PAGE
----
KOL16A - Editorial



Editorialist: Soumik Sarkar




Dynamic programming


You are given a list of N battles and a total cost metric PEB. Each battle b_i has an effect on the PEB which is determined by P_i, and a gain value F_i. If the battle is won, F_i is gained but PEB also increases. If the battle is lost no gain is made but PEB decreases. The goal is to calculate the maximum gain possible such that the PEB remains below a threshold value S. PEB is calculated as

total = 0
for each b_i
	if win
		total += 1 - P_i
		total -= P_i
PEB = max(total / no. of battles, 0)


It may not be immediately obvious due to the floating point values of P_i, but dynamic programming is to be applied to solve this problem. The key observation is that although all P_i are floating point values between 0 and 1, they have at most 2 digits after the decimal point. So there can be only 101 distinct values of P_i.

The following is the top-down approach, which is quite straightforward. Let the function be f. A single state will have two parameters, the index i and the “total” value till now t. If the battle can be won, the new total will be t+1-P_i. If the PEB with this total does not exceed S, winning is considered. The total gain from this option will be F_i + f(i+1, t+1-P_i). A battle can always be lost without restriction, and the total gain from losing will be f(i+1, t-P_i).

function f(i, t):
    if i == N + 1:
        return 0    // base case, end of all battles
    win = 0
    if t + 1 - P_i < S * i:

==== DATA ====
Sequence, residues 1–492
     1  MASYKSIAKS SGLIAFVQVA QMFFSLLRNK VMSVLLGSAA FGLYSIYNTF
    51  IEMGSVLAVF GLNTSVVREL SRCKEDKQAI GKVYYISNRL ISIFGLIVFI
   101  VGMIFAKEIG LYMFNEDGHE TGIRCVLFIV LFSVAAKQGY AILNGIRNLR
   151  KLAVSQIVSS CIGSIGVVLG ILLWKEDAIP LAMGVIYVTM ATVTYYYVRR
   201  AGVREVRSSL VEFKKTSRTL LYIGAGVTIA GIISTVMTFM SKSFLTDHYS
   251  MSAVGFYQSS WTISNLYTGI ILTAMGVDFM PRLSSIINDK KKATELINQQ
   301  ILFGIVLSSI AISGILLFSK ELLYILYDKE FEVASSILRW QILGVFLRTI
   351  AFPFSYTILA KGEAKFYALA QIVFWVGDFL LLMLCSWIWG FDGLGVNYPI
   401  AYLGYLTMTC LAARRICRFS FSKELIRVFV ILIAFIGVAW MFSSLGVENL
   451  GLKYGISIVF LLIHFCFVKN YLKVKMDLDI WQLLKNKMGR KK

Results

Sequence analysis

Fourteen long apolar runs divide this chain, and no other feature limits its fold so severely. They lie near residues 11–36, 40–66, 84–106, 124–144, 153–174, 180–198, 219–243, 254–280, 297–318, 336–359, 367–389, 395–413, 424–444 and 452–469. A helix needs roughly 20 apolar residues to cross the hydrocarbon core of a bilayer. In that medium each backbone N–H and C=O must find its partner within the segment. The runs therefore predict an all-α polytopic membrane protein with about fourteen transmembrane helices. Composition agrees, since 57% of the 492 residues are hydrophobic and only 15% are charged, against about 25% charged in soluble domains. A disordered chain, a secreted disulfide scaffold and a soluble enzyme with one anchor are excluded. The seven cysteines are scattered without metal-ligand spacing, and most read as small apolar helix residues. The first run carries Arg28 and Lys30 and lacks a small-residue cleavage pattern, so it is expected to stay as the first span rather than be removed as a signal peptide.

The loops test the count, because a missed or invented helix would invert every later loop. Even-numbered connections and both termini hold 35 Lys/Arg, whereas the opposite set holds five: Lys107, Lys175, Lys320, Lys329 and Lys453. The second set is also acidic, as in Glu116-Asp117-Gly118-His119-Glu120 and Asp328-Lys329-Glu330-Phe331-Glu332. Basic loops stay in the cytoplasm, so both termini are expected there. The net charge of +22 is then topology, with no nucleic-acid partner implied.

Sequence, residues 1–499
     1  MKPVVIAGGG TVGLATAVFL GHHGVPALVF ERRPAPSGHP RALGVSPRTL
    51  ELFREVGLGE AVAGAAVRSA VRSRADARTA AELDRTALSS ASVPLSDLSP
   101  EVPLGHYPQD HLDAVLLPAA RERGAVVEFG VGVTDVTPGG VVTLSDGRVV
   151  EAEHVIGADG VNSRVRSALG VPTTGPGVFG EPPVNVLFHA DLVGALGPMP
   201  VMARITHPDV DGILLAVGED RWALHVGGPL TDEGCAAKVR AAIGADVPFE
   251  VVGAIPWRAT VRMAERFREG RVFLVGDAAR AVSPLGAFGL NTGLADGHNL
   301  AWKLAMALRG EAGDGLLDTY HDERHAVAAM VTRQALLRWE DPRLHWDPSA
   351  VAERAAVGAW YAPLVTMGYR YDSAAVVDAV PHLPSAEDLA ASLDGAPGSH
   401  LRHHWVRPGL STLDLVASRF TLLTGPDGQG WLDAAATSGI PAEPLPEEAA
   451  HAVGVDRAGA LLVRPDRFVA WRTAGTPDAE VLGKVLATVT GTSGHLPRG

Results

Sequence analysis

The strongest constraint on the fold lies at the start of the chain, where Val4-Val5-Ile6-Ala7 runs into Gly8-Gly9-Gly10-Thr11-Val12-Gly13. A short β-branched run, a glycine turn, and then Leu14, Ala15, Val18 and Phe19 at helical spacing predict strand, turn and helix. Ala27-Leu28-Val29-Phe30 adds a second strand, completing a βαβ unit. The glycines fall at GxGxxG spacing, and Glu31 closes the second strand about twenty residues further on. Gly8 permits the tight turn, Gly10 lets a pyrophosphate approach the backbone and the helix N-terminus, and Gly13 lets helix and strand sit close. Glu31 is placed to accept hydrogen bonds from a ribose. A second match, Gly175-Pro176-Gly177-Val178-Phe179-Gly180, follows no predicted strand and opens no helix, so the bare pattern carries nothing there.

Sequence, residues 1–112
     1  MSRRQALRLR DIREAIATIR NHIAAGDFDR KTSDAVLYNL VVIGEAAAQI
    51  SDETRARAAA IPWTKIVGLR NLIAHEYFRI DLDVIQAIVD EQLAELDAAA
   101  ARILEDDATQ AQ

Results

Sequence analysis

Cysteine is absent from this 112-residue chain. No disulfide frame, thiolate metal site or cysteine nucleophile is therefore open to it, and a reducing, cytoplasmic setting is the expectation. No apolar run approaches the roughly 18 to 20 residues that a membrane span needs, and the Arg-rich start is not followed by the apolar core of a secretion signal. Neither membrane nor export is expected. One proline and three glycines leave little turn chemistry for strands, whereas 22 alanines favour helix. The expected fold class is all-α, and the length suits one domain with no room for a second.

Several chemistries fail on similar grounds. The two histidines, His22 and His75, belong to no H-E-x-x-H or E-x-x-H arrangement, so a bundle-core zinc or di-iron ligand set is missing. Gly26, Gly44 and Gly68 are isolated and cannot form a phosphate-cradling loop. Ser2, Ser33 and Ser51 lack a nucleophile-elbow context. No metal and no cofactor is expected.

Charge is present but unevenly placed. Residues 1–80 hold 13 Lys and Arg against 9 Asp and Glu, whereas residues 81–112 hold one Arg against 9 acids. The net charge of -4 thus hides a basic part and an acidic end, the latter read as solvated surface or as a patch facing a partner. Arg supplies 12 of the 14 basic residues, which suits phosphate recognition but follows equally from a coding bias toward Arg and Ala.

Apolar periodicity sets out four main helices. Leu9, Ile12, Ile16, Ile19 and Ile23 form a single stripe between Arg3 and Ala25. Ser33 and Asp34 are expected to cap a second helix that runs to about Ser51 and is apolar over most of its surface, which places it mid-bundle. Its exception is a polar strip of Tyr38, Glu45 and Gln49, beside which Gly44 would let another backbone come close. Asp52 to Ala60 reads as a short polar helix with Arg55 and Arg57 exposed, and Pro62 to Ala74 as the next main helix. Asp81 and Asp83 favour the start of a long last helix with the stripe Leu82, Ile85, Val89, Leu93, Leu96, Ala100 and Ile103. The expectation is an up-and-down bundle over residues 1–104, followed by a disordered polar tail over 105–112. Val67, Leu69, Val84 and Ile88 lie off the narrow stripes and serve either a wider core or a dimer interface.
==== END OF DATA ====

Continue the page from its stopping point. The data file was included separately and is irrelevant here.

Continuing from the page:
win = F_i + f(i + 1, t + 1 - P_i)    // gain from winning
    lose = f(i + 1, t - P_i)                 // gain from losing
    return max(win, lose)

Just adding memoization to the above function gives a theoretically correct dp solution. However a direct implementation of the above is not a good idea, since using P_i as given will lead to floating point errors and incorrect answers. The workaround is to multiply all P_i and S by 100 so that each is now an integer, and then adjust the implementation of f accordingly.

Total number of unique values attainable by i is N and by t is 201 \cdot N, hence if using a 2D dp array care should be taken to initialize it with sufficient size. Also the value t can be negative, so a sufficient offset should be used to obtain the appropriate index.
Note that all the hassle can be avoided by using a map in place of an array :smiley:

The complexity of this approach is \mathcal{O}(N \cdot 201 \cdot N) \approx \mathcal{O}(201 \cdot N^2)


Editorialist’s solution can be found here.

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